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This Destructive War, This Destructive War, 0817301917, 0-8173-0191-7, 978-0-8173-0191-0, 9780817301910, , , This Destructive War, 0817306889, 0-8173-0688-9, 978-0-8173-0688-5, 9780817306885, , , This Destructive War, 0817391967, 0-8173-9196-7, 978-0-8173-9196-6, 9780817391966,

This Destructive War
by John S. Pancake

Quality Paper
1985. 320 pp.
978-0-8173-0688-5
Price:  $34.95 s
E Book
2018. 312 pp.
978-0-8173-9196-6
Price:  $34.95 d

An exciting and accurate portrayal of the military action in the southern colonies that led to a new American nation.

A companion to Pancake’s study of the northern campaign, 1777: The Year of the Hangman, this volume deals with the American Revolution in the Carolinas. Together, the two books constitute a complete history of the Revolutionary War.

Pancake tells a gripping story of the southern campaign, the scene of a grim and deadly guerilla war. In the savage internecine struggle, Americans fought Americans with a fierceness that appalled even a veteran like General Nathanael Greene.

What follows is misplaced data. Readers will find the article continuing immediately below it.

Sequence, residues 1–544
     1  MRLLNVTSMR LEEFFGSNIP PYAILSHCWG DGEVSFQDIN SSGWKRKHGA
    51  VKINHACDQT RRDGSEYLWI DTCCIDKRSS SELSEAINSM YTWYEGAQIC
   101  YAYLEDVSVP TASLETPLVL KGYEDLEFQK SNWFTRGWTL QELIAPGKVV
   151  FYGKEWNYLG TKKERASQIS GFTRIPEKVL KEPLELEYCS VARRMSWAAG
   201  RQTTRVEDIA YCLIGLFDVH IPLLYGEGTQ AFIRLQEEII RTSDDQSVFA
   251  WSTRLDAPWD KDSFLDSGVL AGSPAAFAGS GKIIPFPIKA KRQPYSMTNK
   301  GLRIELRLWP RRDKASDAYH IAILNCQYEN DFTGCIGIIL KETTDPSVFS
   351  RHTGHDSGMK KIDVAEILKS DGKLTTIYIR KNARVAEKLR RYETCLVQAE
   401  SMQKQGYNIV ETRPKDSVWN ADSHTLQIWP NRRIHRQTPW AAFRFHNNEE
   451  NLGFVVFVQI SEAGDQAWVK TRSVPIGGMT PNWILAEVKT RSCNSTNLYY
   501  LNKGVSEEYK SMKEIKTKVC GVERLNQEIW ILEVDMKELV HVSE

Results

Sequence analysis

"Utilizing extensive manuscript collections, John Pancake explains not why the colonists won the War of Independence, but rather why the British lost. Yorktown, he argues, was not the result of a momentary oversight by the British navy, but the final consequence of the longstanding failure of British military and political leadership." So said the Journal of Southern History when This Destructive War was first published in 1985. The Florida Historical Quarterly further opined, "Pancake has given us a well-researched and beautifully—and tightly—written book."

General readers as well as scholars and students of the American Revolution will welcome anew this classic, definitive study of the campaign in the Carolinas.


John S. Pancake was a native of Virginia, Professor of History at The University of Alabama, and author of studies on Thomas Jefferson and Alexander Hamilton.


"Anchored by Pancake's reflections on weaponry, military organization, tactics, and the lives of ordinary soldiers in both armies, this book emerges as a fresh, intricate story, full of dread and derring-do."
—Kirkus